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Why Did Jesus Pray for the Cup to Pass?

Knowing the trouble that was to come, a man of sorrow finds for himself a place to pray. Once He reaches the garden He was in search of, His knees fall to the ground, and His face follows. He begins to pray, saying, “My Father, if it be possible, let this cup pass from me; nevertheless, not as I will, but as you will.” He told his friends, who accompanied Him, that He was sorrowful unto death, yet not one of them could stay awake to pray. Their heavy eyes tempted them to rest, and they fell to sleep. Their Spirit was willing, but their flesh was weak. Among these friends was one whose flesh fell to a greater sin. This friend, Judas, was plotting to betray the man of sorrow, Jesus, making sure that he kissed His face before he seized Him.

While Judas was plotting his betrayal of Jesus, the predestined plan of God was unfolding. Judas would sell Jesus, the chief priests and elders would take Him away, the Romans would crucify Him, and the Jews would mock Him, but God would crush Him. Yet, here was Christ, in the garden, pleading that the Father take this cup from Him.

But why? How could Jesus do this? Didn’t He know this was the plan of God, and it was good? Of course, Jesus, the all-wise Messiah, knew that the Scriptures taught that the Son of God must be crushed for sinners. He knew that this was God’s will. It was His plan. God didn’t merely “allow” Jesus to be killed; God Himself crushed His Son. As Isaiah says, "Yet it was the will of the LORD to crush him; he has put him to grief” (Isaiah 53:10a).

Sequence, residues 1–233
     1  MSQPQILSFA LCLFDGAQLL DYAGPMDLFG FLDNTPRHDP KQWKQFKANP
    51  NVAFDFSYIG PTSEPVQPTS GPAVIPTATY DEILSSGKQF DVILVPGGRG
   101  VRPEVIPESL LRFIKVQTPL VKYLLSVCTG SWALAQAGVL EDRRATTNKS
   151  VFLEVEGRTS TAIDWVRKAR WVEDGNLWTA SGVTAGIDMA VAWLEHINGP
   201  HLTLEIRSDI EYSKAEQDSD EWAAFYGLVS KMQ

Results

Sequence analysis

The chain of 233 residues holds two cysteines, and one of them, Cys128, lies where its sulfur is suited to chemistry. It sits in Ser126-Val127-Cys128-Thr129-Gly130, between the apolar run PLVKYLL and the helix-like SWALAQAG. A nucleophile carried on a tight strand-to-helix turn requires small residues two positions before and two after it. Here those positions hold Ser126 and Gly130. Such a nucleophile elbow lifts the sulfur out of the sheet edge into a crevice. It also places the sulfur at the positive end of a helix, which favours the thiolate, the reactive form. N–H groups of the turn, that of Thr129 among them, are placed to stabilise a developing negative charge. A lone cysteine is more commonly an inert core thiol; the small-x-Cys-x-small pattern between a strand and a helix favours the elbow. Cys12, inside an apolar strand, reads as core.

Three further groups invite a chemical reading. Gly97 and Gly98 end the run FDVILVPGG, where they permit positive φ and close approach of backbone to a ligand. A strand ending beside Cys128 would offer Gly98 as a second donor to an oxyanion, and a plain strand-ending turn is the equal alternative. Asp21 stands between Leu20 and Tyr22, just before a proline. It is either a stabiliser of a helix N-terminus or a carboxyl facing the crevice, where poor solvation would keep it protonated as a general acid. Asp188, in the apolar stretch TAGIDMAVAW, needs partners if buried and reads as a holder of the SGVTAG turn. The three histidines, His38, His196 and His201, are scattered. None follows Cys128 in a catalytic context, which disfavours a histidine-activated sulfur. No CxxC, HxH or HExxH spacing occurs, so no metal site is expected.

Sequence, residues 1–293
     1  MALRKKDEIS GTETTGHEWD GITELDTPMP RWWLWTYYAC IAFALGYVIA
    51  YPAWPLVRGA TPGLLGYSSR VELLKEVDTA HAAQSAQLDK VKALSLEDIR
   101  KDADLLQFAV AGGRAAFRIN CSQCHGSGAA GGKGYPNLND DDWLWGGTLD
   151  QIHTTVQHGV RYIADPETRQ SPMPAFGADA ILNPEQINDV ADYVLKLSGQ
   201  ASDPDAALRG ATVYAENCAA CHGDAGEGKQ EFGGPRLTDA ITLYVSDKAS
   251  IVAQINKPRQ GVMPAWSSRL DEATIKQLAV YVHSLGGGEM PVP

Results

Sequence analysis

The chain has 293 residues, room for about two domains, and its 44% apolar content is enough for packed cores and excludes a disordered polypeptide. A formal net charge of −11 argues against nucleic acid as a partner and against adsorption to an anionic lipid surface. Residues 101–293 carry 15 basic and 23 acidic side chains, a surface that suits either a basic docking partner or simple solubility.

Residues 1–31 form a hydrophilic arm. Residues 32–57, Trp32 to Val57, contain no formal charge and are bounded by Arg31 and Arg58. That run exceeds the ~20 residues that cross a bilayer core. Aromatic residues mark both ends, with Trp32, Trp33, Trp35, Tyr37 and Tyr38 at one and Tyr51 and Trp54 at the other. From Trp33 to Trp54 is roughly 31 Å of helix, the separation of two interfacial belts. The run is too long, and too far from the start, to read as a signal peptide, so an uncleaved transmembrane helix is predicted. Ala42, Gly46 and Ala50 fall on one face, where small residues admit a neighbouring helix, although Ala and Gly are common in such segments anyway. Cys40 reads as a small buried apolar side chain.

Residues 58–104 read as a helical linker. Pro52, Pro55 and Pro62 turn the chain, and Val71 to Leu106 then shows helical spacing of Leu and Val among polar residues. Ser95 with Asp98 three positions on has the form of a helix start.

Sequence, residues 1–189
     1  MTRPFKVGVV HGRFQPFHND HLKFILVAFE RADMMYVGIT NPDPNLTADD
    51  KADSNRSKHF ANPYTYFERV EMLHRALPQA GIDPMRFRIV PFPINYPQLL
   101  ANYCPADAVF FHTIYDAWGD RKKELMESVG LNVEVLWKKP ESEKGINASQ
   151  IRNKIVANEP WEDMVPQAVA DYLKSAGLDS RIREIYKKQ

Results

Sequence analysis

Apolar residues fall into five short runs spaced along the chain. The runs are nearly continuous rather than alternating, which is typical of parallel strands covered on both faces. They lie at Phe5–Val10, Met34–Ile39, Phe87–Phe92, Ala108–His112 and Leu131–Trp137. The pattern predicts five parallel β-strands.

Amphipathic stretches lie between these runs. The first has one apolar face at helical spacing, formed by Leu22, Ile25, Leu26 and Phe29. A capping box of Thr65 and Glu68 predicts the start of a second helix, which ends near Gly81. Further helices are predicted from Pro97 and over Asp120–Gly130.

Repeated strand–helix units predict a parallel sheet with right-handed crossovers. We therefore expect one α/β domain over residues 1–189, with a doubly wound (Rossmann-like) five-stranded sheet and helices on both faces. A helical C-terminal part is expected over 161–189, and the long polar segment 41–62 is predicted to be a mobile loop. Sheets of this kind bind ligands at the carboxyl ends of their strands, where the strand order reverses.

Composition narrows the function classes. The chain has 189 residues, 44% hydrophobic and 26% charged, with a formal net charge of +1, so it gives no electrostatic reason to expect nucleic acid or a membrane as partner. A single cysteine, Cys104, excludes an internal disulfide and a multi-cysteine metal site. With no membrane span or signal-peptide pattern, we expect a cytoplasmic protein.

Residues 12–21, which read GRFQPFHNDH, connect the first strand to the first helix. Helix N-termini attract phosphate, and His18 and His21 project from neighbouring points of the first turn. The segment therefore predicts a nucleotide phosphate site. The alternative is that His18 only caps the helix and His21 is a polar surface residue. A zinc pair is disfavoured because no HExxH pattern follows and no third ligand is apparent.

So, why did Jesus plead for another way? It wasn’t because He was ignorant of the Scripture; rather, He knew a truth woven all throughout Scripture that we are naturally ignorant of. He pleaded for the cup to pass because He knew what the cup contained. He knew something only a holy man like Himself could be aware of.


What is the Cup?

Unlike Christ, our flesh is drawn to drink of this cup that Christ pleaded to be taken from Him. It catches the eye of the flesh, and though warned of its poison, the body of death picks up the cup to drink it down to the dregs.